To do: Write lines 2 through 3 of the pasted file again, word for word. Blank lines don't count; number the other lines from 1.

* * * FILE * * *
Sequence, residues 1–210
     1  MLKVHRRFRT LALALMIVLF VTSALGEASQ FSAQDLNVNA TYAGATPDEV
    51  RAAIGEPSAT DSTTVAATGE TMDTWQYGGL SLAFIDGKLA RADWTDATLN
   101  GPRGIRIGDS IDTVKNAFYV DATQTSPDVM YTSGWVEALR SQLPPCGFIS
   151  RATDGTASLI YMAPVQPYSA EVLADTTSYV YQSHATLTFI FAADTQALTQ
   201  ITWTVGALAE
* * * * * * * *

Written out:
     1  MLKVHRRFRT LALALMIVLF VTSALGEASQ FSAQDLNVNA TYAGATPDEV
    51  RAAIGEPSAT DSTTVAATGE TMDTWQYGGL SLAFIDGKLA RADWTDATLN